M.M. Ismail, J.
1. The defendant in O.S. No. 5625 of 1967 on the file of the City Civil Court, Madras, is the appellant herein. The respondent herein at the relevant time was working as Assistant Engineer in the Shipping Section, (Madras Harbour) of the appellant herein. Certain charges were framed against the respondent by the appellant and those charges have been set out in the following terms in paragraph 20 of the judgment, which alone was brought to my notice during the hearing of this appeal, as follows:
The gravamen of the charge found in Exhibit B-13 may be divided into four categories as shown hereunder : (1) the first is that the plaintiff received Rs. 2,450 from Southern Shipping Corporation on or about 27th April, 1967, Rs. 240 on 22nd May, 1967 from Chettinad Cement Corporation, and failed to deposit the said amounts, thereby caused loss to the defendant company; (2) that he failed to ensure that the said amounts were remitted to the head office and thereby he was negligent in his duty; (3) that he received the following amounts on the following dates:
Amount Date Parties Retained till Rs. 3,820 14-3-1967 Southern Shipping 27-4-67Rs. 720 14-3-1967 Corporation Rs. 3,559 23-12-1966 --do-- 12-4-1967Kathina T.H.Agencies Inter-national Clearing and ShippingAgents 4-1-1967Rs. 5,562 25-4-1967 S.S. Marthon Victory 8-5-1967,and thus unauthorisedly retained these amounts for the aforesaid periods and thus committed misappropriation, (4) that the plaintiff deliberately and intentionally gave a false statement to the Chief Executive Officer that he received the sum of Rs. 2,450 only on 19th May, 1967 whereas in fact he had received it as early as 25th April, 1967.
An enquiry was conducted into the said charges by D.W. 1 and ultimately by an order dated 19th September, 1967 marked as Exhibit B-34, ' the respondent was dismissed from the appellant-company's service with effect from the date of that order. The respondent filed the present suit claiming a declaration that the dismissal of the respondent from the service of the appellant was wrongful, illegal and irregular and praying for a decree directing the appellant to pay the respondent a sum of Rs. 8,210 with future interest. The sum of Rs. 8,210 comprises of five months salary amounting to Rs. 7,655 at the rate of Rs. 1,531 per month and a sum of Rs. 555 being the refund of annuity deposit deducted from his salary from April, 1967 to June, 1967. The case of the respondent was that the charges framed against him were not proved and that the enquiry was vitiated and invalid. A written statement was filed by the appellant herein disputing the claim of the respondent and the details thereof are reflected in the following issues framed for trial by the learned trial Judge:
(1) Whether the suit as framed for recovery of salary and allowances after the dismissal of the plaintiff from service is maintainable in law ?
(2) Whether the suit is not maintainable for the reason that the plaintiff should have claimed the benefits of Pension Fund and Provident Fund as a consequential relief to the declaration sought for ?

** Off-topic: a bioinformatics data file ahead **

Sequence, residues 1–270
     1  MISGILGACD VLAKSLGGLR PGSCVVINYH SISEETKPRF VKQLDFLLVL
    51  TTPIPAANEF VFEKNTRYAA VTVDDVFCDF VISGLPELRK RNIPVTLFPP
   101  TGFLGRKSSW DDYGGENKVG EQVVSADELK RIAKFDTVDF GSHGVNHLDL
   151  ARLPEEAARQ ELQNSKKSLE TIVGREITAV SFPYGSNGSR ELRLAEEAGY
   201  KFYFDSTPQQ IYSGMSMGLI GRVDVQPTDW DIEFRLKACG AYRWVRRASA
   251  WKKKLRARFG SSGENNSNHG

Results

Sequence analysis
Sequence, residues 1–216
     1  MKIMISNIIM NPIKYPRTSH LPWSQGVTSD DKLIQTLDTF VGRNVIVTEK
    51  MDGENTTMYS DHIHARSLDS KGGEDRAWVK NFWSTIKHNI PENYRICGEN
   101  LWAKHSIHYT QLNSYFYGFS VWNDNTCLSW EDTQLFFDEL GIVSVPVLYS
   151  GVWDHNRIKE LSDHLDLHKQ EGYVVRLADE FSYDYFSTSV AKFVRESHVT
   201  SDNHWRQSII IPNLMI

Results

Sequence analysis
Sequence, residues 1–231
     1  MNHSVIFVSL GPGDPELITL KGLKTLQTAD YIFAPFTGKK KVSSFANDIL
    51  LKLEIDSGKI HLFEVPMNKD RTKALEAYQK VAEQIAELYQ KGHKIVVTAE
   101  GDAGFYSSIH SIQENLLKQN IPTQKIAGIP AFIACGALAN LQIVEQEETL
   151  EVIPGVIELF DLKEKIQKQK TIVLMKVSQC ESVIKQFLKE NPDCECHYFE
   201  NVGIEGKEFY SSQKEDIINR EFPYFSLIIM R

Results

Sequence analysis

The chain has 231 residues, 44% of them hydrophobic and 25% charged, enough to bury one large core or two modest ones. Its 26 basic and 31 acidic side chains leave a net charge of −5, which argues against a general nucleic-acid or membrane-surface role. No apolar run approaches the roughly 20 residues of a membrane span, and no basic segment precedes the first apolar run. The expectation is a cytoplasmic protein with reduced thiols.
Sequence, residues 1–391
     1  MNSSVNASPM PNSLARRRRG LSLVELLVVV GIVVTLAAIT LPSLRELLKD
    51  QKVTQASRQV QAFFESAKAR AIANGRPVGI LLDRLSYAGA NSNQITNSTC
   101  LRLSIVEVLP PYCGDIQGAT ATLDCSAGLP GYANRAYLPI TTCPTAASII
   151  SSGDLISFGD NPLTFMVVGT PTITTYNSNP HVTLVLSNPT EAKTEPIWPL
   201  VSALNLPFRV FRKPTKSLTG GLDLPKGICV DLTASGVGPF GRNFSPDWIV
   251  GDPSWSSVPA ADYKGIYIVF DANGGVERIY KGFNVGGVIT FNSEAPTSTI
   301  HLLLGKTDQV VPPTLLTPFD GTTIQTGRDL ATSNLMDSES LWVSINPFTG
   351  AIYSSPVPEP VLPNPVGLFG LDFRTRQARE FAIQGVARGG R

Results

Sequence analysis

(3) Whether the order of dismissal is invalid for the reason that it was under the signature of one of the Directors of the defendant-company ?
(4) Whether the domestic enquiry and disciplinary proceedings conducted by the defendant is vitiated as being opposed to the principles of natural justice or as being irregular ?
(5) Whether the plaintiff is guilty of any or all of the acts of misconduct with which he was charged ?
(6) Whether the plaintiff is entitled to a declaration that the dismissal of the plaintiff from the service of the defendant was wrongful and illegal ?
(7) Whether the plaintiff is entitled to the sum of Rs. 8,270 or any other sum ?
2. The learned VII Assistant Judge, City Civil Court, Madras, by judgment and decree dated 4th August, 1970 found the material issues in favour of the respondent and decreed the suit as prayed for. It is against this judgment and decree that the present appeal has been filed by the defendant.
3. Mr. S. Ramasubramanian appearing for the appellant very elaborately argued this appeal before me. The learned Counsel contended that the finding of the learned trial Judge that the charges Were not proved against the respondent herein was beyond the jurisdiction of the civil Court, since the civil Court had no jurisdiction to go into the correctness or otherwise of a finding, arrived at a domestic enquiry. In order to sustain this contention, the learned Counsel took me through the relevant paragraphs of the judgment. Since I uphold the judgment and decree of the trial Court on another point with reference to which the appellant has practically no answer, I do not propose to consider the validity or otherwise of this submission. In paragraph 26 of the judgment which in effect deals with issue No. 4, the learned trial Judge has come to the conclusion that the domestic enquiry conducted by the appellant was in illegal violation of the principles of natural justice and was illegal and irregular and that therefore the respondent was entitled to the declaration that the order of dismissal passed against him was ineffective and inoperative. The facts which will sustain this conclusion of the learned trial Judge are as follows:
4. D.W. 1 was the person who conducted the enquiry. There was a charge by the respondent that the said D.W. 1 functioned both as Judge and Prosecutor, because it was he who framed and put questions to the witnesses and recorded the answers given by them. Admittedly there was no other officer on behalf of the appellant who examined the witnesses and it was only D.W. 1, who examined the witnesses and recorded the evidence. I am not going to rest my conclusion even on that.